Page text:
Although most fogs were in autumn and winter, they also occurred in summer when kitchen ranges were still needed to be on the go for cooking and for heating water. Typical kitchen ranges, or ‘kitcheners’ as they were sometimes called, most of which were derived from the ‘Bodley’ Range patented in 1802, devoured enormous amounts of coal.
The mixture of fog and the smell of many horses produced a pungent odour, which was typical of Victorian London and the smell was at its worst in the heat of summer.
Sir Frederick Treves, a famous medical doctor of the time, calculated that a square mile of fog contained about six tons of soot. Such conditions, which led to the deaths of thousands, would not be generally eased until the 1920s and 1930s when gas and electric fires started to replace some coal-fires. However, fogs only became a rarity after the 1956 Clean Air Act had been introduced.
Surgical operations especially on internal organs, including the appendix, were always life threatening until well into the 20th Century and the introduction of sulpha-drugs. With all these dangers, it is not surprising that so many people, who had survived childhood, died well before retirement age, and that only a relatively few lived beyond the proverbial ‘three score and ten’.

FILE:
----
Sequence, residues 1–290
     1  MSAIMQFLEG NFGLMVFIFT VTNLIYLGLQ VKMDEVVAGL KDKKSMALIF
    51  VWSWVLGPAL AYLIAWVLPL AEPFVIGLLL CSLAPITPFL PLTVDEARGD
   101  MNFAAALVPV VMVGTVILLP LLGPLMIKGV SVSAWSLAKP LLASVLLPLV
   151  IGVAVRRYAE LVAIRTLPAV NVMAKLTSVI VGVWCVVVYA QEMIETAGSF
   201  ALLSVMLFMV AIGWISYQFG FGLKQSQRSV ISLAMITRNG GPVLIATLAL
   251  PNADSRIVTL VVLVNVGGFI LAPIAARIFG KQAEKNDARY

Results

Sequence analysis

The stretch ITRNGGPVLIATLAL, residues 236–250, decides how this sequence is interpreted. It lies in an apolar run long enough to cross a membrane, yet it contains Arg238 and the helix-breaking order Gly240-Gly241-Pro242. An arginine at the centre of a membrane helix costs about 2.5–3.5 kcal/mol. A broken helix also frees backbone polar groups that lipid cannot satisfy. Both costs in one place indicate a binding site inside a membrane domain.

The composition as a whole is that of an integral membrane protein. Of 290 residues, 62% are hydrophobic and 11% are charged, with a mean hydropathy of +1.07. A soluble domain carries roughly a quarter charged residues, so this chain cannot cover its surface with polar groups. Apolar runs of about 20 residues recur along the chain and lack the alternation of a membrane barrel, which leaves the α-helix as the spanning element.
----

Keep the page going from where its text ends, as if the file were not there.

For some reason, ‘Appendicitis’, then a new word for an age-old condition, which had existed under other names, seems to have been more prevalent than it is today. Perhaps the heavy eating and drinking, of many of those who could afford to do so, was responsible. Such excesses certainly did not aid life expectancy.
The middle-classes in the mid-19th Century seem to have eaten well and the reputation for ‘keeping a good table’ was the hallmark of success. Formal entertaining was easier in summer when salmon, lamb and other delicacies were in season. These and bananas, grapes, oranges, peaches and pineapples, which were only available at certain times of the year, were very expensive and were only served at dinner-parties. The grander the dinner and number of guests, the greater the number of courses served, and anything up to as many as fourteen courses were not unknown.
If keeping food hot was difficult, in those days, keeping it fresh was even more so, despite the existence of not very efficient non-mechanical ‘ice-boxes’. ‘Ice-men’ would deliver blocks of ice for use in these ‘ice-boxes’. The ice would have been cut from ponds and lakes during winter before being stored in vaults deep underground.
In the country, where shops were few and far between, obtaining provisions could be a problem especially in winter. Town dwellers were better served due to the proximity of the many urban shops, not only well stocked with staple items, but which also imported exotic delicacies for those who could afford such fare.
Fresh fish was cheap, popular and available the whole year round. Mutton, roasted and in various other guises, was the staple meat on most days, whilst a joint of beef was only bought once a week. Bacon was invariably provided at breakfast and sometimes served as a savoury dish at the end of dinner in the evening. Various soups, milk puddings and a galaxy of steamed puddings were daily fare.